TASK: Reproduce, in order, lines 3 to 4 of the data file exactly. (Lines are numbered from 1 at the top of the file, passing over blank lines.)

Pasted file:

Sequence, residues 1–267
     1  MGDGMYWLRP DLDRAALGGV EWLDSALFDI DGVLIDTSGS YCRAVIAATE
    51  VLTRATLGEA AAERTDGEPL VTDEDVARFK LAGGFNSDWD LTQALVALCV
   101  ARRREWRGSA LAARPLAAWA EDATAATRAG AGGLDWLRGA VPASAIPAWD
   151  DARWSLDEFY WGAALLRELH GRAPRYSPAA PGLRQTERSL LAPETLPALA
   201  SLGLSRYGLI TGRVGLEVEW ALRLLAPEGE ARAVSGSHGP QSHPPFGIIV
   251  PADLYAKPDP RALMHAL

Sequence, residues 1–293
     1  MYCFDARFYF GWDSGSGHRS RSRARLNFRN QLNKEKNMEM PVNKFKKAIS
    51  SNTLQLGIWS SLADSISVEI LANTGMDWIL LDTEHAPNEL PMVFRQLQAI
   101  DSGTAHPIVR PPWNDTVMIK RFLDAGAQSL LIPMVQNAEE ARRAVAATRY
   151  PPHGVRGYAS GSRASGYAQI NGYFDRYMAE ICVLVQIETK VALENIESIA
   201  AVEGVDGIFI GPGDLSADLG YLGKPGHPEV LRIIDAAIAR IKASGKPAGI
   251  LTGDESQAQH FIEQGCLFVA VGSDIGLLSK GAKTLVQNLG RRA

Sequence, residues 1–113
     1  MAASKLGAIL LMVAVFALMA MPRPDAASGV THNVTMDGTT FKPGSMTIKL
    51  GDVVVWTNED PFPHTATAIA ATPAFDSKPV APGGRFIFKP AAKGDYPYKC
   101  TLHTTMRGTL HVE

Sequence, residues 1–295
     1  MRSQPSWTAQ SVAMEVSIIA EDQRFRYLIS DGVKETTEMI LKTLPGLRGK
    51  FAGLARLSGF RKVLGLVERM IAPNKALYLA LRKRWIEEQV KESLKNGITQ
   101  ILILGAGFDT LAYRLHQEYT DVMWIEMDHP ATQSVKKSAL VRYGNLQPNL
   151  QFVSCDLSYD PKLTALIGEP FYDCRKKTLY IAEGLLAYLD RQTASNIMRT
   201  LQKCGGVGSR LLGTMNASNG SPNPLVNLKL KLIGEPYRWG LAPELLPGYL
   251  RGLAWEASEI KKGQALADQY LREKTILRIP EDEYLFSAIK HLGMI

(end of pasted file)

    51  VLTRATLGEA AAERTDGEPL VTDEDVARFK LAGGFNSDWD LTQALVALCV
   101  ARRREWRGSA LAARPLAAWA EDATAATRAG AGGLDWLRGA VPASAIPAWD